Local businesses, organizations helping deliver ‘once-in-a-lifetime event’ to honor Ali

Boxcar PR owner Bob Gunnell, pictured, has served as spokesman for Muhammad Ali's family since 2009. | Photo by Caitlin Bowling

Boxcar PR owner Bob Gunnell, pictured, has served as spokesman for Muhammad Ali’s family since 2009. | Photo by Caitlin Bowling.

Funerals are a time for those still living to grieve and to reflect on and celebrate the life of a loved one who has died.

Behind the scenes are businesses who help organize the day and ensure that it proceeds smoothly. Typically, that includes a florist, a funeral home and maybe a limousine rental company. For “The Greatest of All Time,” his final stop in Louisville requires the coordination of more than a dozen businesses and organizations, years of planning and an untold number of man hours.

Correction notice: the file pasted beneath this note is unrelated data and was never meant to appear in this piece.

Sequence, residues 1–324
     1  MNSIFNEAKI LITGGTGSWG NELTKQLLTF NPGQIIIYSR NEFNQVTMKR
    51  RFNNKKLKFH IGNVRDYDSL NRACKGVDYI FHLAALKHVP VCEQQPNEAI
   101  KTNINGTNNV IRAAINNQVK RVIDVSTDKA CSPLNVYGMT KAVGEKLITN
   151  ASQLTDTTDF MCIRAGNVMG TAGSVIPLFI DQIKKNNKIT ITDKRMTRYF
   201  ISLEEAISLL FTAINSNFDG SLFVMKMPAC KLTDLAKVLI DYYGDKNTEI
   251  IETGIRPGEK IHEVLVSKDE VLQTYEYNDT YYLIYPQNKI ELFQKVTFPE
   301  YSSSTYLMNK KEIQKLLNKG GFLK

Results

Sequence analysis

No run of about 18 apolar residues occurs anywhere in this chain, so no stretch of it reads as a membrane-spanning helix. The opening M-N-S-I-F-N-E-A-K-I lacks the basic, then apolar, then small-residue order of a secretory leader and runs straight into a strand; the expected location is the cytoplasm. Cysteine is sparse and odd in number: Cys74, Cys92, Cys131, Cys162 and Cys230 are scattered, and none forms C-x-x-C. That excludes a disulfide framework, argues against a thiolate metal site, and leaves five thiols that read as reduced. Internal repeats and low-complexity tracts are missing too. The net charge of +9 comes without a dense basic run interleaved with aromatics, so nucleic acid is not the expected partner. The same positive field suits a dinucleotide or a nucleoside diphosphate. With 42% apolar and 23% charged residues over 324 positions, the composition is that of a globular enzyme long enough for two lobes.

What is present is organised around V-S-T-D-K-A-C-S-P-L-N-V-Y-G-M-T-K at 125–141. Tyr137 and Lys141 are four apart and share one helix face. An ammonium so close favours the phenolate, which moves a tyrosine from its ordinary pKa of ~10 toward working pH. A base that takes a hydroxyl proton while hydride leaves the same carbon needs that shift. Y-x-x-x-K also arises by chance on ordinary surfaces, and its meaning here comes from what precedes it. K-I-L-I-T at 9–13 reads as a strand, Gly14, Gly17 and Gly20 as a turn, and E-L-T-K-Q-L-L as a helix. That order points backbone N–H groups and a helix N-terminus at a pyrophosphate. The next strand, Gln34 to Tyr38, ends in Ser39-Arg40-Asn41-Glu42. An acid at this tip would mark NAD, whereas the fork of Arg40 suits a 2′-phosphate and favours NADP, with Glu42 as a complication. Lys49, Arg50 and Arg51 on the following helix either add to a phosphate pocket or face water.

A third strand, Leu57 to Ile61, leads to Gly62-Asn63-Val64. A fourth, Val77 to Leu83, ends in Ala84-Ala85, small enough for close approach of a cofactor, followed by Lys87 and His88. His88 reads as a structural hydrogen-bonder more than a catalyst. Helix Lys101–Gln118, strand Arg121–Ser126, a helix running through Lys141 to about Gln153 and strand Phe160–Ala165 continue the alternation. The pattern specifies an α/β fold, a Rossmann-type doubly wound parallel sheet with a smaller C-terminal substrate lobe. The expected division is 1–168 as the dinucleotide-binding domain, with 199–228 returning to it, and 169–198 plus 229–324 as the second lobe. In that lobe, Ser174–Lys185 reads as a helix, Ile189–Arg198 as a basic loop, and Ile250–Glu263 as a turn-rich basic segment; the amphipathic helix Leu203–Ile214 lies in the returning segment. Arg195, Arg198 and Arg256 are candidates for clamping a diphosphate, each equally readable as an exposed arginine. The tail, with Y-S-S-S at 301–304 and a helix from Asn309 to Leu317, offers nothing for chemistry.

“Our team has worked on this, helping to put together the plan of action for this event with the Alis, so that everything is done to Muhammad’s wishes,” said Danielle Rudy Davis, trendsetter at Boxcar PR. She added that holding public funeral events in Louisville and following Islamic funeral tradition “was incredibly important” to Ali.

Ali was diagnosed with Parkinson’s disease in 1984. His condition rapidly deteriorated affecting his speech and mobility, and in the past several years, he’d made fewer public appearances.

Davis’ boss, Boxcar PR owner Bob Gunnell, has served as spokesman for the Ali family since 2009. Since the beginning of their business relationship, Gunnell was involved in making the funeral arrangements, which included tweaking aspects as time passed.